News: New York's Museum of Modern Art (MoMA) has acquired a kit for building and programming a simple games console and four other DIY electronics products for the museum's collection of "humble masterpieces".
Each relies on a degree of user interaction or input to function, such as assembling or programming the devices to perform various tasks or create sounds, with a strong focus on teaching simple electronics and programming at the same time.
"While all five might be small in scale, their significance for contemporary design – and the world at large – knows little bounds," said Antonelli in a post on MoMA's blog.
"These objects reflect the deep and central role technology and interface design now play in education, production, and our everyday lives. In their own unique ways they allow audiences – artists, designers, and active maker-culture enthusiasts, pros, children, and amateurs – to engage with the processes and final products that are usually the preserve of electronic engineers."
The acquisition is unusual because none of the items are finished products – the process of making and adapting them is a fundamental part of their design.
The DIY Gamer Kit by London studio Technology Will Save Us is designed to help people of all ages learn basic electronics and programming skills.
Launched last year, the kit comes as a box of components that the user assembles into handheld gaming device and then programs using the instructions provided.
"It's not something pre-made by a company that then just gets sent to you," Technology Will Save Us cofounder Bethany Koby told Dezeen. "The process of using the gadget can only happen if you decide to make it yourself. So inherently some skills and a new relationship to technology – and to the object – will inherently happen because of the way that we've designed that experience."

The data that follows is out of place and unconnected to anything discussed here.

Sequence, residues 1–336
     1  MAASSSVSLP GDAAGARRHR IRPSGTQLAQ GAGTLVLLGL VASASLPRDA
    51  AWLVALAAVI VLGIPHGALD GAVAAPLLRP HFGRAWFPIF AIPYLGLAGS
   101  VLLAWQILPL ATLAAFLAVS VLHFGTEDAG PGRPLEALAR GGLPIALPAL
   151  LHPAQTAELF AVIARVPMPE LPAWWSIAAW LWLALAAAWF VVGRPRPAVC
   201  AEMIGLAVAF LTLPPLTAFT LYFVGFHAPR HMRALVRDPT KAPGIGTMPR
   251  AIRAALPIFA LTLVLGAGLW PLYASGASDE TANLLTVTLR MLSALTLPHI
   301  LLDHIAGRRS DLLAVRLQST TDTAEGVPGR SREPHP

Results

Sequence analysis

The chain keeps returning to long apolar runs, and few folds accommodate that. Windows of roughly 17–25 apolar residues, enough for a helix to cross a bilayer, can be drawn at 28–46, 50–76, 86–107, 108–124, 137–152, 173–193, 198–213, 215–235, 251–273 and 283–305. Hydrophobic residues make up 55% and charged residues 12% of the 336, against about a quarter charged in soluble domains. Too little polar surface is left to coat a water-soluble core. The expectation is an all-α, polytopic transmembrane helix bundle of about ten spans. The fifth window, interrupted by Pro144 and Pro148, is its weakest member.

Similarly, Arduino is an open-source electronics platform that includes a programmable microchip housed on a small circuit board and software that allows users to create interactive devices.
Makey Makey is also described as an "invention kit", and turns any object into a touchpad when connected to the internet using the wires included.
Created by London designer Yuri Suzuki and company Dentaku, Ototo works in a similar way but turns objects into synthesisers.
Suzuki also created the Colour Chaser, a small vehicle that travel along lines drawn in felt-tip-pen and turns coloured scribbles into music.
"Museums specifically focusing on design as a discipline are looking much wider than the traditional outputs of objects," said Koby, "because that doesn't define design anymore."
All five objects are also aesthetically designed to make it easy to understand how they are put together and how they function.
The pieces will form part of a collection that the museum calls "humble masterpieces" – which also includes the Post-it Note and the Bic Cristal pen – first brought together and displayed for an exhibition of the same name in 2004.
"As design curators, we have an instinctive response to designs we find compelling, and when that feeling survives the passing of time, we know we're on to something worthwhile," said Antonelli. "We believe our new acquisitions will withstand that test."
"Museums are looking at the real context of what is happening in the design world, and there are many facets that designers are now using their skills to affect," said Koby. "Sharing the broadest parameters of what design is in the world is really what design museums should be doing."